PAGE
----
Meanwhile, the controversy in Ocean Grove has attracted nationwide media attention. The New Jersey news media have, predictably, favored the lesbians, given short shrift to the issue of religious liberty, and interviewed liberal United Methodist clergy who side with the lesbians. A reader might easily get the impression that the Camp Meeting Association is all alone in its determination not to celebrate homosexual civil unions.
That impression would be false, Rev. Hoffman said. “Actually, we’ve gotten a fair amount of support from all over the country,” he said. “I’d say the emails are running about 10-1 in our favor; but of course the media report only the negative. “The opposition to us, in this scenario, is a very well-oiled machine.”
A Zero-Sum Game
“[W]e are in a zero-sum game in terms of moral values … [T]he dignity and equality of gay people should almost always outweigh considerations of religious freedom …”
—Chai Feldblum, law professor and gay activist, Georgetown University Law Center
We couldn’t have put it better: this is a zero-sum game. The religious freedom guaranteed to Americans by the First Amendment to the Constitution is not compatible with radical statists’ attempts at social engineering. One or the other must give way.
A church that performs “gay marriages,” in opposition to the Bible’s clear and unambiguous condemnation of homosexual practices, is not a church. It might as well hold ceremonies celebrating the consummation of an adulterous affair or a successful stock swindle.
The lesbians in this case could have taken their request to any one of hundreds of liberal “churches” in New Jersey and been welcomed with open arms. Instead, they presented it to the church in Ocean Grove, knowing that the Camp Meeting Association would refuse them.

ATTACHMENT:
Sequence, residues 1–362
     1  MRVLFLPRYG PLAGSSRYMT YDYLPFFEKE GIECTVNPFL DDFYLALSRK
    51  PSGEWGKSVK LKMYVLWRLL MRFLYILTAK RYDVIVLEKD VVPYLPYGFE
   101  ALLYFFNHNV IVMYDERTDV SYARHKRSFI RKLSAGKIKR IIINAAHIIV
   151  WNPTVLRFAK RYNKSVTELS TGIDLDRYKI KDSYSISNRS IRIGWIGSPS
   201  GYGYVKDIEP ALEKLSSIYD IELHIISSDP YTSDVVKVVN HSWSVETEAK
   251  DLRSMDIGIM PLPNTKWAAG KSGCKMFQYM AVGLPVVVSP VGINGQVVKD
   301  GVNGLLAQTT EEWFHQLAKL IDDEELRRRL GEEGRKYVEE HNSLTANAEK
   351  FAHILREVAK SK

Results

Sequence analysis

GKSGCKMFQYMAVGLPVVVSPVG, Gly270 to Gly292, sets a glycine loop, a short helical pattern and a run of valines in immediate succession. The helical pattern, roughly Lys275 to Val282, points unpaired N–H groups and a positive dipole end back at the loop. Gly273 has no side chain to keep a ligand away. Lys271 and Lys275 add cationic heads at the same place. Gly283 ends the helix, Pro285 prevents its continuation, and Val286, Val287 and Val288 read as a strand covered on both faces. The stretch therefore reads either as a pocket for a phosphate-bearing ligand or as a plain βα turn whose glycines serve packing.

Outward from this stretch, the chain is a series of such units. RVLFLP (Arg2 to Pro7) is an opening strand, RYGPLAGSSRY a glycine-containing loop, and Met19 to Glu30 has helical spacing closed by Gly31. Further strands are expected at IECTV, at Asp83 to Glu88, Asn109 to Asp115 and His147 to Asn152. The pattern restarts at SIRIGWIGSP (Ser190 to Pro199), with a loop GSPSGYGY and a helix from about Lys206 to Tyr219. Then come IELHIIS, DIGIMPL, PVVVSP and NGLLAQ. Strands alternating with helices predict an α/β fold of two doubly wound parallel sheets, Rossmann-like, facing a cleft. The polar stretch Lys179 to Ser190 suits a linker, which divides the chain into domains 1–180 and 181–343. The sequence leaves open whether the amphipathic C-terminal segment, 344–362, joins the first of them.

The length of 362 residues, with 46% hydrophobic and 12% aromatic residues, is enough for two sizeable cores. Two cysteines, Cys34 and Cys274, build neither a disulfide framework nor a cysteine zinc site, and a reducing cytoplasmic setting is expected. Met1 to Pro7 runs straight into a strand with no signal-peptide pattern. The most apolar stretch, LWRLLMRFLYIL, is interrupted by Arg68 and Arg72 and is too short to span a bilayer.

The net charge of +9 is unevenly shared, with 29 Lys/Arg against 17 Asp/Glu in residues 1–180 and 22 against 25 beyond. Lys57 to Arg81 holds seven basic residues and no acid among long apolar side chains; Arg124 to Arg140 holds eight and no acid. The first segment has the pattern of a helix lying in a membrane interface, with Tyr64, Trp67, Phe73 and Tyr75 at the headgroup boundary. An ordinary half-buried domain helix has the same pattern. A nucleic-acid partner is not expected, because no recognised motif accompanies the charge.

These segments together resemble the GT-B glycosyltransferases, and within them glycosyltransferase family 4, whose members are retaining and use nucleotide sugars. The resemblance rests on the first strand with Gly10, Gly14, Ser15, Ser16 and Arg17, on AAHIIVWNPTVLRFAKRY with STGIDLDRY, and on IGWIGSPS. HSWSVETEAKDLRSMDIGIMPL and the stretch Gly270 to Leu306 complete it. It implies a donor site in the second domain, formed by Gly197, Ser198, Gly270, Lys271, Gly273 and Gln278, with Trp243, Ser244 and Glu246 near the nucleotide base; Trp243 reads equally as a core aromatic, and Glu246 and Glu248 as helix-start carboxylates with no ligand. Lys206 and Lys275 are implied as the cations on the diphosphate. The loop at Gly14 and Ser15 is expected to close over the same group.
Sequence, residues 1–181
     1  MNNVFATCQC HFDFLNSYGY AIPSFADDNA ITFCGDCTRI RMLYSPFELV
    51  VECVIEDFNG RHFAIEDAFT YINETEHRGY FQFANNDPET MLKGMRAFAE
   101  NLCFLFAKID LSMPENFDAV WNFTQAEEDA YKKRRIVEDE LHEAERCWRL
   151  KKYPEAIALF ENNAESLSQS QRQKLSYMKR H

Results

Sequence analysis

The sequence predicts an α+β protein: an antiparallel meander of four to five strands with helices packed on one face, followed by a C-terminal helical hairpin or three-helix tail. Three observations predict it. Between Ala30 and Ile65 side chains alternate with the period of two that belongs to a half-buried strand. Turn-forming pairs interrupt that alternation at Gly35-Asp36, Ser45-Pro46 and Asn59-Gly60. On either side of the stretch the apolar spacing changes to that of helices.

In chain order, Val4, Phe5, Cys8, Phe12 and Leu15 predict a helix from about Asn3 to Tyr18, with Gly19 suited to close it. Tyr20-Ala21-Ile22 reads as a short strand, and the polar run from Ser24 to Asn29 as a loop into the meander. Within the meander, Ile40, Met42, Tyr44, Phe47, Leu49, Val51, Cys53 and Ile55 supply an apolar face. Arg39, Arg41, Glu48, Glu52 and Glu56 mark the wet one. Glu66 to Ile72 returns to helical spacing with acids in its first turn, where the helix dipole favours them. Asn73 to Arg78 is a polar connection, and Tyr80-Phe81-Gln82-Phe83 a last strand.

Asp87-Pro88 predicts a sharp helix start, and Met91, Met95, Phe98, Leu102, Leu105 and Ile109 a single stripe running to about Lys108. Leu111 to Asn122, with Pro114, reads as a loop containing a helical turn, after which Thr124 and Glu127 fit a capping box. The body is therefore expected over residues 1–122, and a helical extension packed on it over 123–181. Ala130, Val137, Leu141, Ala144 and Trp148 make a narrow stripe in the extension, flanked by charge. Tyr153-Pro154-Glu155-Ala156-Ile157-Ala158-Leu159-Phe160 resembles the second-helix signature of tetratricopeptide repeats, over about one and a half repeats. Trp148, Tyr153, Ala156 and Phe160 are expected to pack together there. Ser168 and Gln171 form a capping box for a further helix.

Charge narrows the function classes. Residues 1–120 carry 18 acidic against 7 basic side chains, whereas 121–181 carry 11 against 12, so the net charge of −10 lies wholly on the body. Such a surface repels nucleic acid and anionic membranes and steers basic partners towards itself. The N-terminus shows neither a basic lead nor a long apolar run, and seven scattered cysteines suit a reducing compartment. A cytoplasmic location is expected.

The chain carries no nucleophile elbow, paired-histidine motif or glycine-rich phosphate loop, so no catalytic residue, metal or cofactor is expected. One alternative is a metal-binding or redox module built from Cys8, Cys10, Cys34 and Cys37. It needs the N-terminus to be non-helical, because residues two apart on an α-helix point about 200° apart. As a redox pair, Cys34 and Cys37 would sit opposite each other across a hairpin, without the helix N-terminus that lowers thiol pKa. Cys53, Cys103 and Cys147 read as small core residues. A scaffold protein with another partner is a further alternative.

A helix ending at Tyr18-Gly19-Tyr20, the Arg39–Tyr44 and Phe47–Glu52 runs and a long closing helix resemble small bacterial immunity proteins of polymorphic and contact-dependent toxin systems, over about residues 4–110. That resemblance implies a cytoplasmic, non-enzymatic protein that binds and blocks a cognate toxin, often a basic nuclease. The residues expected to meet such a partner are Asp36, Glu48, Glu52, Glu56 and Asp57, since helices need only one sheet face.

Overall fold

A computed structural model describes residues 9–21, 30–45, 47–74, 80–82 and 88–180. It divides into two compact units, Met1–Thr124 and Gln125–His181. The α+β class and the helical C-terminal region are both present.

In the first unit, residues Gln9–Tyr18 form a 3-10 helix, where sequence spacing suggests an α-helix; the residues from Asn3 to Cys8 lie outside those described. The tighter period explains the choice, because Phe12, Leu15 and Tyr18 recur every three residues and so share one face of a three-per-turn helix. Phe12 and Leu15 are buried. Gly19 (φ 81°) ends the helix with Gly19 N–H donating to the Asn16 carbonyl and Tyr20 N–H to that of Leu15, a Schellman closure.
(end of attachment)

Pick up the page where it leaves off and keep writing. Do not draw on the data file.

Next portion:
But it seems that the United Methodist Church in Ocean Grove is resolved not to compromise God’s Word, despite the state’s efforts to intimidate it. We cannot know how far the state is willing to go.
The only way to make “gay rights” stick is for the state to launch a full-blown persecution of Biblically faithful churches. Otherwise, these churches, by their very existence, will be a thorn in the side of the social engineers and a perpetual witness against them. “[I]f a house be divided against itself, that house cannot stand,” says the Lord (Mark 3:25).
For the sake of “the dignity and equality of gay people,” the state may subject the faithful churches to civil rights investigations, hate speech prosecutions, tax audits, and all the rest of the coercive machinery at its disposal. For the sake of their integrity, these churches must resist. If they yield up their faithfulness for the sake of property, no matter how profitable or beautiful, they will have yielded up their very reason for being.
We pray for our brethren in Ocean Grove that they might have the strength to remain true to God’s Word, no matter what the state does to them. The state has power to jail church leaders and seize church assets, but to do any of those things is to do but little real harm to the church.
The only one who can truly harm the church is the church itself—by caving in to coercion, by lapsing in its commitment to the Word of God, by trying to cling to a building more than a conviction. If a church does none of those things, then the gates of hell cannot prevail against it.
The state will employ the weapons of this world against the church in Ocean Grove.
If the church puts her trust in Christ, the King of Kings, and employs the spiritual weapons of faithfulness, courage, hope, and charity, her King will not desert her.
 Quoted in Timothy Bloedow, State vs. Church: What Christians Can Do to Save Canada from Liberal Tyranny (self-published, 2007), 35.
Lee Duigon is a Christian free-lance writer and contributing editor for Faith for All of Life. He has been a newspaper editor and reporter and is the author of the Bell Mountain Series of novels.